KENNEBUNK, Maine — Learning a skill like sewing can take you far in life; you can make your own clothes, or repair them when they're torn. Remember learning that skill in home economics? Most of us make a pillow and move on with life; others find a new hobby in it; and some find a way to change the world.
That's how Jackie Dewey feels about sewing dresses for an organization that helps to protect young women in developing countries: Dress A Girl Around The World. We spoke with her a few years ago about the organization and it's mission to deliver hand sewn dresses and underwear to young girls in orphanages. "If a girl appears to be cared for in her appearance, she is less likely to be abducted," says Dewey. "Typically the girls are between 6-8 that are abducted because they are old enough to carry wood and water, but young enough that they're not going to try to escape."
Dewey is the ambassador for the Southern Maine and New Hampshire chapter. She has more than 1,000 people sewing for her; some in church groups, others from their own homes. "We have distributed over 11,000 dresses in 30 countries in the last five years."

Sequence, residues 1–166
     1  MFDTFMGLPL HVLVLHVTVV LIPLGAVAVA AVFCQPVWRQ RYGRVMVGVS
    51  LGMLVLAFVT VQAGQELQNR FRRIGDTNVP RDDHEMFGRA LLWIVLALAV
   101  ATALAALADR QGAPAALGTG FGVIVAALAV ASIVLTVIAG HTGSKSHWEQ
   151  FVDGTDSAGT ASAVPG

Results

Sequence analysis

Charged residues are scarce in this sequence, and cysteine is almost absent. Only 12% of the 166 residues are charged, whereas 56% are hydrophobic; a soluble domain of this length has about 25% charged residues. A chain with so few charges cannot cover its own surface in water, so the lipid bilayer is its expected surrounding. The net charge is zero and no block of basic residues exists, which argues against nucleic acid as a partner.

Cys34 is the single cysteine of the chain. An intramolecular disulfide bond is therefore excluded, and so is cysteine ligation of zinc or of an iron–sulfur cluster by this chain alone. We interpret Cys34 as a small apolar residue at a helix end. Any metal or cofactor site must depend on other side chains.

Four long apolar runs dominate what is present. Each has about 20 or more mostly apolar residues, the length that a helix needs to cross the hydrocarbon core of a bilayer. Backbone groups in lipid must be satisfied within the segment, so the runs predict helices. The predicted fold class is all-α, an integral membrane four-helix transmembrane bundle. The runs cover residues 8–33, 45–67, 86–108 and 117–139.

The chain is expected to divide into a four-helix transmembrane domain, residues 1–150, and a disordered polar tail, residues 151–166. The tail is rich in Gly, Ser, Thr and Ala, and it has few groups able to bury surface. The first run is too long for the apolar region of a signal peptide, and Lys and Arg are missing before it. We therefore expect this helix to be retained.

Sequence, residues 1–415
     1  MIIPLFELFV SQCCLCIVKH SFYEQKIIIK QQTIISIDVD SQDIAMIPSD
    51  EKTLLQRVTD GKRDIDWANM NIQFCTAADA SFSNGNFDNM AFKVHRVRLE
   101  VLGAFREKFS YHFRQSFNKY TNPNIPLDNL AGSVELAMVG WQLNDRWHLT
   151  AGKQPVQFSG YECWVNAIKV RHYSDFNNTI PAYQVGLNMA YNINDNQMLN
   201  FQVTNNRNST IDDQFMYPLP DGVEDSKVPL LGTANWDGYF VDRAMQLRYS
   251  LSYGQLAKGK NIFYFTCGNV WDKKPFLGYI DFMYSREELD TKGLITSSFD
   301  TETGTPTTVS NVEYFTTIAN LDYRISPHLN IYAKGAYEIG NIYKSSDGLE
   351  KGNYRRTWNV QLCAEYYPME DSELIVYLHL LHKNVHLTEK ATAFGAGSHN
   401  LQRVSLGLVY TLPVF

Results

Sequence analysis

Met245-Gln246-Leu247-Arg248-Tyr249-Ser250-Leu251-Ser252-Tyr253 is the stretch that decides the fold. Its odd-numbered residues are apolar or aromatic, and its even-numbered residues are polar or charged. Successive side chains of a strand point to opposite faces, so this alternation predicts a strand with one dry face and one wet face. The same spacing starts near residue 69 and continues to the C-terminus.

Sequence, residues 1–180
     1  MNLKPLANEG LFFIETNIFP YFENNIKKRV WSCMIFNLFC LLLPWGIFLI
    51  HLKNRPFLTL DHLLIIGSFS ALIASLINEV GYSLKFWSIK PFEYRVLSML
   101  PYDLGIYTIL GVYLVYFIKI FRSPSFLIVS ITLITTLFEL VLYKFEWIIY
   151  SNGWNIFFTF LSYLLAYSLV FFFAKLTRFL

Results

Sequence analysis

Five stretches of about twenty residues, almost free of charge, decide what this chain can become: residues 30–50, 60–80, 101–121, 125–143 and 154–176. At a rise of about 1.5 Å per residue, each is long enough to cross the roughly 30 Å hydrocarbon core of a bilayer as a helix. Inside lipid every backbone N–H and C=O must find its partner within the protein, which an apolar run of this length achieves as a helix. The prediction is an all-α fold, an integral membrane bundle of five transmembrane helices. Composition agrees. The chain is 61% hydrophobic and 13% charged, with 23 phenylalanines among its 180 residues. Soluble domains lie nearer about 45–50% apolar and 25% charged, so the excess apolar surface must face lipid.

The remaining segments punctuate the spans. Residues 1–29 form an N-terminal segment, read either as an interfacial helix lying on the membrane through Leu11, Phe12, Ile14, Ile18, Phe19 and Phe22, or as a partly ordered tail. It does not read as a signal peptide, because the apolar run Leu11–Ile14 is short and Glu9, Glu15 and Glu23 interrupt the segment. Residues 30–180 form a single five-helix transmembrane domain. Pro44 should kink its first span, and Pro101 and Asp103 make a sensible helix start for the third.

One of those sewers began when she was 7-years-old. Annabelle Wainman is now 12 and has switched gears to sewing face masks for her neighbors and friends. She accepts donations which have already exceeded her goal, raising just under $500 to help send two women in Uganda to school to become entrepreneurs, through Dress A Girl. "Once they graduate they will have seed money to start their own businesses. It might be farming; raising goats; a little cafe," explains Dewey.
"I've also raised money for the Good Shepherd Food Bank and I'm now raising money for the United Way York County branch," says Wainman. "To date I've raised $1,640." She's even sharing her stitching online, offering tutorials to those who'd like to learn how she sews the masks.
To learn more about Dress A Girl Southern Maine, email Jackie Dewey here: firstname.lastname@example.org.